Happy with explosions, car chases and big set-pieces, Bay is far less assured when dealing with his protagonists' emotions. The early scenes, in which the soldiers court the nurses, are so leadenly handled you find yourself counting the moments until the Japanese planes arrive. Bay makes a few self-conscious nods towards Fred Zinnemann's From Here to Eternity (1953), also set around the time of the Japanese attack; he can't resist, for instance, a scene of Evelyn and Danny embracing on the beach as the waves lap around them. But such homages only point up the shallowness of the characterisation; instead of rounded, complex figures, all this film has to offer are clean-cut soldiers and off-duty nurses in floral dresses who behave as if they're on leave from a teen movie.

The attack itself seems like the excuse for making the movie: everything before it is flat, everything afterwards anti-climactic. In an essay on porn films, Umberto Eco once observed that normality must be established in as dull a way as possible before transgression can have any interest. (As he puts it: 'In porn movies, before you can see a healthy screw you have to put up with a documentary that could be sponsored by the traffic department.') Bay seems to be following the same principle in Pearl Harbor. Apart from a brief interlude when Rafe flies with the RAF in the Battle of Britain, the opening section seems deliberately deadpan, paving the way for us to enjoy all the more the 40 minutes of pyrotechnics when the Japanese invade. The problem is that after five minutes of this, we're already gorged on shots of bombs falling and ships toppling. The virtuosity of the special effects may be dazzling, the details historically accurate, but there is no more emotional charge than in any intergalactic shoot-out in Star Wars. The finale to the raid, in which Rafe and Danny take to the skies and shoot a few Japanese down as their colleagues whoop and holler below, is excessively jingoistic and risks trivialising the suffering of the victims - notably the sailors trapped in the hull of the sinking USS Arizona.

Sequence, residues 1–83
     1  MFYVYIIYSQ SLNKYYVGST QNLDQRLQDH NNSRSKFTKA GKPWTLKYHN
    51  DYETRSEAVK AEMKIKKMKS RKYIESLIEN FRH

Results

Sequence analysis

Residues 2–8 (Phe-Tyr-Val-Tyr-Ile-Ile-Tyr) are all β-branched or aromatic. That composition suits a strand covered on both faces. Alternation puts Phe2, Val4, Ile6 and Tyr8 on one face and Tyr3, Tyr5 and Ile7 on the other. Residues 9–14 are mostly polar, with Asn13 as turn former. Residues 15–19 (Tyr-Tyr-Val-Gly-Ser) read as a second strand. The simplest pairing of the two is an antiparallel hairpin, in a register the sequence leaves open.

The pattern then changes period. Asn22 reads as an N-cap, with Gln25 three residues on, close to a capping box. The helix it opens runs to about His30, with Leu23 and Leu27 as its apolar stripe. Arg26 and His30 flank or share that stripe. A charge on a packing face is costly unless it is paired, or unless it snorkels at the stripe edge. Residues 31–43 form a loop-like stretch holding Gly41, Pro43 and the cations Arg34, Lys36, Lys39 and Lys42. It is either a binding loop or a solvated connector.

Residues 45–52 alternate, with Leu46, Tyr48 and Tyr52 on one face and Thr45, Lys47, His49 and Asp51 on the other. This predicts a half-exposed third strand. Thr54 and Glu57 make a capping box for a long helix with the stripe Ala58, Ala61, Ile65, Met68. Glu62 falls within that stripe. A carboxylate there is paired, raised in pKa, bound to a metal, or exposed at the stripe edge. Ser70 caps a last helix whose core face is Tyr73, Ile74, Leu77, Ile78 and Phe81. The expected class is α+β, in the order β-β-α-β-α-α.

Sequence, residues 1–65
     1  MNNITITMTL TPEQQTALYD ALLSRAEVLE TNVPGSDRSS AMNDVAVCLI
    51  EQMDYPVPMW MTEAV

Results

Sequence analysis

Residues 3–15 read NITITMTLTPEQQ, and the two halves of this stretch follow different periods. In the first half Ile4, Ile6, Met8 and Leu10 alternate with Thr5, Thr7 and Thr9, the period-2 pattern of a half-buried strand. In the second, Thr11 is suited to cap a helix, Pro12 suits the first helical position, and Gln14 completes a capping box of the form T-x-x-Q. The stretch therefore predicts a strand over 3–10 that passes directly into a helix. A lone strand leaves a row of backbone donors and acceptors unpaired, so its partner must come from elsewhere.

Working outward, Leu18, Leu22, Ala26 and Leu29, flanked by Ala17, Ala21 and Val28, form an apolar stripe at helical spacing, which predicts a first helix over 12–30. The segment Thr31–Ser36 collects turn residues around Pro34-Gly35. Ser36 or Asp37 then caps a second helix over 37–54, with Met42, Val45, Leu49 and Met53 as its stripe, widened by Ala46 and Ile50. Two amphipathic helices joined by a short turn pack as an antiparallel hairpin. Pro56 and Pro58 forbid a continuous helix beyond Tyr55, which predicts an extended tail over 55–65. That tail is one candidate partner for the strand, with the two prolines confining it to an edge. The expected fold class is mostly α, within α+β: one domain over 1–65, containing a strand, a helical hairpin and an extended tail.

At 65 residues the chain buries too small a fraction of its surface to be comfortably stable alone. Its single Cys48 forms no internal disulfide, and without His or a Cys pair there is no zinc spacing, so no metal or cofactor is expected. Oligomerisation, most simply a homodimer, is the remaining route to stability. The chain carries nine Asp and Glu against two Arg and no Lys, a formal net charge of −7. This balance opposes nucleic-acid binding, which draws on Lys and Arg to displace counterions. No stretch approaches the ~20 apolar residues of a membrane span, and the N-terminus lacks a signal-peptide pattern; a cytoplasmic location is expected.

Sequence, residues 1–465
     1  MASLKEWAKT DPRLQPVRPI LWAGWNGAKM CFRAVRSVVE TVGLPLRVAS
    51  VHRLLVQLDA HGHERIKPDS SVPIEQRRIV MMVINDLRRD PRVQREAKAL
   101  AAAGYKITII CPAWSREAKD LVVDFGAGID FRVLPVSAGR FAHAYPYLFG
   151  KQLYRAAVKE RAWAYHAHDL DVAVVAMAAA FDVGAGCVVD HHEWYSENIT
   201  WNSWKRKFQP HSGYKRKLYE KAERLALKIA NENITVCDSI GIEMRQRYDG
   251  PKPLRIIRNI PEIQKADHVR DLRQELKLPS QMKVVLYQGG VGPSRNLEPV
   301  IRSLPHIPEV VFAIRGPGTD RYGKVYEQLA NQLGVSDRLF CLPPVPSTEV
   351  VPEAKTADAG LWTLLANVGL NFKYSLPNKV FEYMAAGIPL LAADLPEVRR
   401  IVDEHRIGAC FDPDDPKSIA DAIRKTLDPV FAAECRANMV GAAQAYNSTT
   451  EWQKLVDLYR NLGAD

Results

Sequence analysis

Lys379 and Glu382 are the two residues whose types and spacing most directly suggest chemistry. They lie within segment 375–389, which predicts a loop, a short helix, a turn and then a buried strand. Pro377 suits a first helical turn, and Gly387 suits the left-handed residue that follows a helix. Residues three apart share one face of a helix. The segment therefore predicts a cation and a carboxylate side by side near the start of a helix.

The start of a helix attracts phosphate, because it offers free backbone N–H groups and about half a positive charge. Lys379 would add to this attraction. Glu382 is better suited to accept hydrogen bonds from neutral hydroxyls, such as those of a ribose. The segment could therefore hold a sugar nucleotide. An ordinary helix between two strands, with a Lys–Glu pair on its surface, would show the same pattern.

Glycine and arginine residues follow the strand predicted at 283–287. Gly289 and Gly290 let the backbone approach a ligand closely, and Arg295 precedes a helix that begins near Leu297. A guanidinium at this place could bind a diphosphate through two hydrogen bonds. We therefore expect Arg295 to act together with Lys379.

The film-makers don't even realise when they're shooting themselves in the foot. Cuba Gooding Jr's character, the African-American cook Dorie Miller, is especially misjudged. Treated with contempt by the navy bosses, he grabs a machine gun during the raid, an act of bravery that wins him a medal. But we learn little about this character; he feels like a token presence, as marginalised in the movie as the real-life Miller was in the racist, pre-Pearl Harbor navy.

In the final reel we're treated to a recreation of a daredevil US raid on Tokyo led by martinet flying ace General Doolittle. It's here the film slips irreversibly into a boy's-own fantasy. At certain moments, whenever grave-faced Roosevelt, played by Jon Voight, is rallying his generals or addressing the Senate, Bay strikes a sombre, portentous note. At other times, the mood is more akin to that of saccharine US television series The Wonder Years. 'America suffered but America grew stronger,' a sanctimonious voiceover tells us, as if Pearl Harbor was a rite of passage. Such cornball rhetoric may have a certain resonance for US audiences, but it is bound to grate wherever else this awful film is shown.


Michael Bay
Jerry Bruckheimer
Michael Bay
Randall Wallace
Director of Photography
John Schwartzman
Chris Lebenzon
Steven Rosenblum
Mark Goldblatt
Roger Barton
Production Designer
Nigel Phelps
Hans Zimmer
Last Updated: 20 Dec 2011